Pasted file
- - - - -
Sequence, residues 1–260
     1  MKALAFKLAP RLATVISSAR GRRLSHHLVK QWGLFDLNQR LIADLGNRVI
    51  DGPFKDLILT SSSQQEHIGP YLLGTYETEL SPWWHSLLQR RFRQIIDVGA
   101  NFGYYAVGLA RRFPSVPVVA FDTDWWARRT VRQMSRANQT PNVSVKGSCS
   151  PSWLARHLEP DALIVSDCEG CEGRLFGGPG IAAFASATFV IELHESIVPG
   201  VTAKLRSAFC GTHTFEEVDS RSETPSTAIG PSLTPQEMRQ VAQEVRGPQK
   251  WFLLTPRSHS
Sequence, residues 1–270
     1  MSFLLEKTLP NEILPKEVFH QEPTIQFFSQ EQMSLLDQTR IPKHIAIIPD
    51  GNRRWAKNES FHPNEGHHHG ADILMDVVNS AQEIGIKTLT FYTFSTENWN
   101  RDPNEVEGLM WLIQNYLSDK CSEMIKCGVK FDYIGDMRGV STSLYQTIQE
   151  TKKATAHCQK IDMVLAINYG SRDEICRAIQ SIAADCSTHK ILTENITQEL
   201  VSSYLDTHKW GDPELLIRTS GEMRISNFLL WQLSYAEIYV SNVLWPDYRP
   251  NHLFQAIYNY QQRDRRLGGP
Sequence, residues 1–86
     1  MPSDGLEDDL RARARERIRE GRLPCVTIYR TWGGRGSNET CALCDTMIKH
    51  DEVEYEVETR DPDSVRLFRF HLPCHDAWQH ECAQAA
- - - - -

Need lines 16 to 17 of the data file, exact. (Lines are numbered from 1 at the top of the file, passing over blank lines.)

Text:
     1  MPSDGLEDDL RARARERIRE GRLPCVTIYR TWGGRGSNET CALCDTMIKH
    51  DEVEYEVETR DPDSVRLFRF HLPCHDAWQH ECAQAA